King Unity Prayer Breakfast celebrates 20 years
Published 5:07 pm Monday, January 9, 2023
Citizens from all walks of life will gather at the E.E. Waddell Center in Albemarle Saturday morning to celebrate the life of Dr. Martin Luther King Jr.
The guest speaker will be Rev. Charles Barrino, the new pastor at Saints Delight Church in Albemarle.
Albemarle City Councilman Dexter Townsend said the annual breakfast is a means “for Stanly County citizens to celebrate and commemorate Dr. King’s life in a formal capacity followed by the efforts of the local NAACP and other citizens successfully encouraging the Stanly County Commissioners to recognize Dr. King’s holiday.”
Townsend said Stanly was one of a few counties in North Carolina 22 years ago which recognized Dr. King’s birthday as a holiday.
“The efforts were controversial as there were attempts to merge Dr. Martin Luther King’s holiday with Gen. Robert E. Lee which brought about many tense meetings and protests,” Townsend said.
The local event grew, he added, “to a point where we as a community have embraced a sense of a more diverse and unified community as it provides an opportunity for local citizens from every avenue in life, regardless of demographics, social or economic status, to fellowship together for a common cause which collectively improves our quality of life.”
Townsend said events like the prayer breakfast are important to continue for the younger generation, adding young folks “need to learn that Dr. King’s efforts were more than just providing them a day out of school or work. We hope that patrons of such MLK events abroad adopt the teachings of Dr. King and adapt them into our everyday lives, things for which Dr. King was willing to give his life.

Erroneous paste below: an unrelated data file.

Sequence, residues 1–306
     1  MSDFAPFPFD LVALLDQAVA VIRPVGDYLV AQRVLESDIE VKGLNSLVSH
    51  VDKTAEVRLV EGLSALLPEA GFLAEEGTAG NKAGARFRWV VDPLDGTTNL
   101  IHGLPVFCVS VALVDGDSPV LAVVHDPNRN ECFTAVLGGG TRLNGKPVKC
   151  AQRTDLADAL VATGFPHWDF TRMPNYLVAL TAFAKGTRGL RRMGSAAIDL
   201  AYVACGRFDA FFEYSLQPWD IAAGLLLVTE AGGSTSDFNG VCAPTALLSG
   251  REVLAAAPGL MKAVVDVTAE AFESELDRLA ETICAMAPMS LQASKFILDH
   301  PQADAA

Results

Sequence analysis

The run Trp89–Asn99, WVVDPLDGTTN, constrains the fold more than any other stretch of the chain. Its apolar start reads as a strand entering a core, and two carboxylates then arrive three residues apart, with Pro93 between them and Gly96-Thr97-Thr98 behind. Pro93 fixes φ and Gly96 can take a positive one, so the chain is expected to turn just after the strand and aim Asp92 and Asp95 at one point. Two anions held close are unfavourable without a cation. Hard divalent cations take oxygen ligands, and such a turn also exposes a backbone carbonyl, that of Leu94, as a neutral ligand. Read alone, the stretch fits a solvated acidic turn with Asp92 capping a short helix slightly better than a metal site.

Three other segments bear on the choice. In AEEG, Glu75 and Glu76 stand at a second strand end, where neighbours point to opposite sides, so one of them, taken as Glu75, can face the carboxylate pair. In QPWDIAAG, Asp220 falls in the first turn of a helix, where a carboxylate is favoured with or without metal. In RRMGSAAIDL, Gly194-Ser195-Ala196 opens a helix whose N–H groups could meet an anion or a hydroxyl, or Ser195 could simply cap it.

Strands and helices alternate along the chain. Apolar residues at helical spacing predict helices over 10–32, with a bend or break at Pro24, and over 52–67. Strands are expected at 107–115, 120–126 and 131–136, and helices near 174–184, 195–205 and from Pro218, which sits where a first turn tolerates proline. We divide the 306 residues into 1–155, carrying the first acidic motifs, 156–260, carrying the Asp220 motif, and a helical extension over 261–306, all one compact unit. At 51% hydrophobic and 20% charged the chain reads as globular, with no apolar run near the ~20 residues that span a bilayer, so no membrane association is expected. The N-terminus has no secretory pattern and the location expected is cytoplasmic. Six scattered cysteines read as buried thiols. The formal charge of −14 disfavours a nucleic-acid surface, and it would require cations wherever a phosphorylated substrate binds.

“We can’t take for granted. Therefore it is the reason organizations such as the NAACP work to ensure that every person, regardless of color, has a fair opportunity free from inequality and discrimination.”
Tym Scott, president of the Stanly County chapter of the NAACP, said events like Saturday’s are important.
“We still have got a long way to go. We’ve come a long way through all this but we still have a long way to go. We can actually see the end coming, but it’s not here,” Scott said. “It’s important we keep the dream alive, that we pass it on to our children so they pass it on to their children.”
Scott said it is important for children to know “what history is all about and how people have fought for the freedom and the things they have today. They were not given anything like most kids are today…if we keep the dream alive, we keep all of us together. Not just Black people, white people, Asians, Africans or anybody…it’s trying to get on the same page and make this world a better place.”
He said the breakfast “was a way to bring us all together in the community to show everybody is equal. Everybody is somebody. That’s what it’s all about… It’s being there, the friendship, the camaraderie, the love we have for one another.”
Scott also said if people did not have a ticket to the breakfast, “we will get you a ticket if you want to be a part of it.”
Brenda Stanback, a member of the local NAACP, said one reason the unity prayer breakfast has lasted 20 years is because it is needed.
“It’s a day that brings together all races, all political groups, all religious denominations, the old, the young and the in-betweens together,” Stanback said.
“Everyone in attendance knows why they are there. For the first time, we are unified. Whatever disagreements or issues we have are left at the door. The gathering is to honor Dr. King and what he stood for, to confirm that we can unify as a county if only for a few hours. That in itself is a milestone.”